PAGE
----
Good news for gym members - Len Dastards reports
Hola amigos! It is I, Len Dastard, imaginary lucha libre and real life litigation executive. You should all know by now that my famed Topé Smash is as lethal as a habañero pepper. If you don't, believe it. It explains the limp, you see. No, the other leg.
Time for some good news this week. According to many online surveys, the most popular New Years' Resolution is to lose weight. Therefore it is no surprise that gym clubs are usually inundated with new members during January. If you have ever joined a gym then you will be well aware that you are usually tied in for a lengthy term. You lose motivation after a couple of sessions and attempt to cancel and the gym then presents you with a calculation to terminate the agreement making you regret the whole thing.
A very recent case in the High Court brought by the Office of Fair Trading against Ashbourne Management Services Limited (plus directors as defendants) has raised some hope for many that want out of their gym contract. What I will say is circumstances need to be considered in each case. It is not a given that any decision will be binding on you and if you do attempt to cancel your agreement (after being sure it is right to do so) then the case can be used to be persuasive to the gym club to allow you to do so.
In the case many complaints were made to OFT alleging that the defendant was guilty of unfair practices due to the fact that they were imposing minimum durations of 12-36 months for the membership. The defendant would use (as most do) standard agreements for all new members. The gym members would decide that they wish to cancel their agreement without charge. The defendant then (again, as most gyms do) claimed a sum of money as damages or registered any default of membership payment with a credit reference agency (or at least threatened to do so).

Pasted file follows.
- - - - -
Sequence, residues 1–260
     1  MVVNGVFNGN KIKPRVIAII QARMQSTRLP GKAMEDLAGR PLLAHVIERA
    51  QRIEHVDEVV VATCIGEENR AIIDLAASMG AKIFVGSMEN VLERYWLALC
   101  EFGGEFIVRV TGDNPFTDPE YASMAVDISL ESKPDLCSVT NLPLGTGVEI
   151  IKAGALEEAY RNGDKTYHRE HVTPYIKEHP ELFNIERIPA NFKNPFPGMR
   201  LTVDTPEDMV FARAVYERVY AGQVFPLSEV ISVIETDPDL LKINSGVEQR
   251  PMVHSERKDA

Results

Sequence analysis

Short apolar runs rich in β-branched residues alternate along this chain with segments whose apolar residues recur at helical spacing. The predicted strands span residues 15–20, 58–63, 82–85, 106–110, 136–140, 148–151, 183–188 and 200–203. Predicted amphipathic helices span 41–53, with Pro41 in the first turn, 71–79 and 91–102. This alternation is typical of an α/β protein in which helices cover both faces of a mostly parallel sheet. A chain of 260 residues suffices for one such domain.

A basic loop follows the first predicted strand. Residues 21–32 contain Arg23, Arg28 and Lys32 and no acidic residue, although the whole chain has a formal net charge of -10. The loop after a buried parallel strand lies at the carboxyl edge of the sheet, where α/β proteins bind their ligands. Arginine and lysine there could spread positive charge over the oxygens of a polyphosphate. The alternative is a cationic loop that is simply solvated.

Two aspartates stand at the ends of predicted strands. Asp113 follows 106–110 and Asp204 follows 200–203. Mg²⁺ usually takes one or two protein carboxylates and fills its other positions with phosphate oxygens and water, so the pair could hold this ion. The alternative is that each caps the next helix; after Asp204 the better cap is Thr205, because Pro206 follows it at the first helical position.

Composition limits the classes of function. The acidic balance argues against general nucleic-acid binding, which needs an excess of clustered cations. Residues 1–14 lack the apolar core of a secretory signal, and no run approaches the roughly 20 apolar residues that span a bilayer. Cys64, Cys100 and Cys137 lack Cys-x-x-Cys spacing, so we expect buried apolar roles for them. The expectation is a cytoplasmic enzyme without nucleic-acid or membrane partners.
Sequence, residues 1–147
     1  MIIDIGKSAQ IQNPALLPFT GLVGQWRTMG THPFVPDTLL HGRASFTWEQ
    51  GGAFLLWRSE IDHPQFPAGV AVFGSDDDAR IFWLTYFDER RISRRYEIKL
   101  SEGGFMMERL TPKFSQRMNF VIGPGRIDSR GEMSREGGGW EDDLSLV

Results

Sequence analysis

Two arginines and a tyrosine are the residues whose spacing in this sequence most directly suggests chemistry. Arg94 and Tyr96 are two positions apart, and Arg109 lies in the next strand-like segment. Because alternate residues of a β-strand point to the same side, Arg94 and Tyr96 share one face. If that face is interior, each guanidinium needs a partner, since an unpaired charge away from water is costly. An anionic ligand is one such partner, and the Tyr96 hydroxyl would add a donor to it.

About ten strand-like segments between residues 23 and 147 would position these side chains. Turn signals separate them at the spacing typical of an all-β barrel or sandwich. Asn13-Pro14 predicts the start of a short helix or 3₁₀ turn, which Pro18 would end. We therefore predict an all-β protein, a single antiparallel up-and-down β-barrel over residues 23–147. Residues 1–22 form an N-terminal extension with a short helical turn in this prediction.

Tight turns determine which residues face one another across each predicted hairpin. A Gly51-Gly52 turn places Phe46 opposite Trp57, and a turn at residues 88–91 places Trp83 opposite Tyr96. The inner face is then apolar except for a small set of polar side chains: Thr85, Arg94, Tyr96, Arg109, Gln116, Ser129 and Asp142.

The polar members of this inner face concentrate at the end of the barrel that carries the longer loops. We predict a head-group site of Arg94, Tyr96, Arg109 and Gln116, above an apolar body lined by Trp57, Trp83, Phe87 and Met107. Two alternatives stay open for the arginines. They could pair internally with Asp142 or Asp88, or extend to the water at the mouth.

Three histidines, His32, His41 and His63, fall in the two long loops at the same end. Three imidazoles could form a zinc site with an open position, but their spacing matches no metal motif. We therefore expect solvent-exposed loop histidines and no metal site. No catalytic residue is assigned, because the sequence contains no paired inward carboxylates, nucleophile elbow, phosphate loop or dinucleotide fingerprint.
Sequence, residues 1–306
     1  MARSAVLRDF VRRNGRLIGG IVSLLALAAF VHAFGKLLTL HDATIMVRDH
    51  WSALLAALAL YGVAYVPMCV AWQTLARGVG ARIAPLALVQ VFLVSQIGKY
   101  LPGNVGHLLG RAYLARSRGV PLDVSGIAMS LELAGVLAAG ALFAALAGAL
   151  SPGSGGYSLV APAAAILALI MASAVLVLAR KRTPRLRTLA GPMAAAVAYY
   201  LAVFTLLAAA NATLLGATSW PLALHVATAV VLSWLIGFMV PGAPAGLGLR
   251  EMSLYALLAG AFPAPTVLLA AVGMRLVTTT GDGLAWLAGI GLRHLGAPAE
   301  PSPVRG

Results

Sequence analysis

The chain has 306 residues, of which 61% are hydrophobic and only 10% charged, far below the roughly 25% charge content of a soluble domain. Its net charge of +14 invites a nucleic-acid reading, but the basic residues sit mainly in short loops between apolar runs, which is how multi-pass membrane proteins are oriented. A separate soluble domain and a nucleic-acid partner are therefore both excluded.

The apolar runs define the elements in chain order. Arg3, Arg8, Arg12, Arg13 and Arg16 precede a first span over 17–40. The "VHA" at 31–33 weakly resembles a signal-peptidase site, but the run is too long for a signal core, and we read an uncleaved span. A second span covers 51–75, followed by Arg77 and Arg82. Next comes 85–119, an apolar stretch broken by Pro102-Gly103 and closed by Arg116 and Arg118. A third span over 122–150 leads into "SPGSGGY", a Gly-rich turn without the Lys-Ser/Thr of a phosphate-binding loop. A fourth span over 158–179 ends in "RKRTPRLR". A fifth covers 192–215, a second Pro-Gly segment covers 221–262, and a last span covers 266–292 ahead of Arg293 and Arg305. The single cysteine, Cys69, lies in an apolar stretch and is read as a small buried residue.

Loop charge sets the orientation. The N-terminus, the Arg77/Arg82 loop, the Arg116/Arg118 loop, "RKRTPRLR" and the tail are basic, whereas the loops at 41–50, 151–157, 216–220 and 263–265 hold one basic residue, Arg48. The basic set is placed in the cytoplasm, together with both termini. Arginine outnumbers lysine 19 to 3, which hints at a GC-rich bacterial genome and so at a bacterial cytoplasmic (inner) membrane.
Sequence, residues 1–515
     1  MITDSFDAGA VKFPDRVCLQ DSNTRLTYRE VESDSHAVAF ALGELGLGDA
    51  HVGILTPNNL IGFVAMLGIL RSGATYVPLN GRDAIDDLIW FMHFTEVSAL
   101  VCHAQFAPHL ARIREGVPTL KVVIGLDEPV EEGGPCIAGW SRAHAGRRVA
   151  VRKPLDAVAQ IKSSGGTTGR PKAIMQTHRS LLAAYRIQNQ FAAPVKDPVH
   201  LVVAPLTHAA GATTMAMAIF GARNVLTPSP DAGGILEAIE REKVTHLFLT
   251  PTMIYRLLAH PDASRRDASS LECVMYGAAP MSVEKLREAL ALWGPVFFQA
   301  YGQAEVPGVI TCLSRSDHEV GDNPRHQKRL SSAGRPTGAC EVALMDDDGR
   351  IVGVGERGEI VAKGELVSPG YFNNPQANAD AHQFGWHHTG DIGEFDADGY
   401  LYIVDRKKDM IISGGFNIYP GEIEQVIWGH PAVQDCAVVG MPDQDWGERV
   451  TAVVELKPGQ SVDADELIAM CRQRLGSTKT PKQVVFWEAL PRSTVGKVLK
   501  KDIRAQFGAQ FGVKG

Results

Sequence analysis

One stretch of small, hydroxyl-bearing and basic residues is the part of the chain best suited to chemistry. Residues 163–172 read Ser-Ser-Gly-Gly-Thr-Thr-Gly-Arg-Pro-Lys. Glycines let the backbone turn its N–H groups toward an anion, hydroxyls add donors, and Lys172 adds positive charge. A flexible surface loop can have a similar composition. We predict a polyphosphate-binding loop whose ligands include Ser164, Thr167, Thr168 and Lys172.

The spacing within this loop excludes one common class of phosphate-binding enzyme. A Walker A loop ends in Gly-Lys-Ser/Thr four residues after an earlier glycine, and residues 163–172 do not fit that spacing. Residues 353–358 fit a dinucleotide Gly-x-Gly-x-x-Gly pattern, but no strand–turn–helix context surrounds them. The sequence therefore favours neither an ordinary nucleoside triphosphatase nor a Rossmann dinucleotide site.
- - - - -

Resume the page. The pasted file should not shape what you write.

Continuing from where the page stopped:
The OFT submitted to the court that:
The agreements were regulated by the Consumer Credit Act 1974 and did not comply with the requirement of Section 61(1)(a) of that Act. This section deals with unenforceable loans and the OFT submitted that the agreements were unenforceable but this was dismissed by the court. We will therefore not consider this submission any further.
The minimum terms were unfair under the Unfair Terms in Consumer Contracts Regulations 1999.
Notifying credit reference agencies amounted to unfair commercial practices which is contrary to the Consumer Protection from Unfair Trading Regulations 2008. We have covered these Regulations here.
The court found that submission 2 had some substance by taking into account many members when signing up to a gym overestimate their gym use and their visits dwindle after a couple of months. The court decided that such agreements operated to trap members and this was certainly contrary to good faith. The court also agreed with OFT that notifying credit reference agencies did amount to an unfair practice under the Regulations. The court held that the following was unfair commercial practices:
Including contract terms that do not properly set out the consumer's rights -for example because they are unfair or otherwise poorly drafted.
Demanding payments which are not due - either because the contract, when read properly does not provide for them, or because the term is unfair.
Reporting or threatening to report sums to credit references agencies where the sum owed was unfair, merely a claim for damages, otherwise not due or was disputed by the consumer.
So, if you want out of your agreement then why not give it a crack. The bad news? The gym club is planning an appeal. If such an appeal is unsuccessful then it will be interesting to see how many gym clubs reduce their minimum term or simply allow members to terminate their agreement without charge after a certain length of time. We will keep an eye on any appeal and report back once we know more.
Had a bad experience with a gym club not allowing you to get out of your contract? Get in contact with us [email protected] Until then, adios!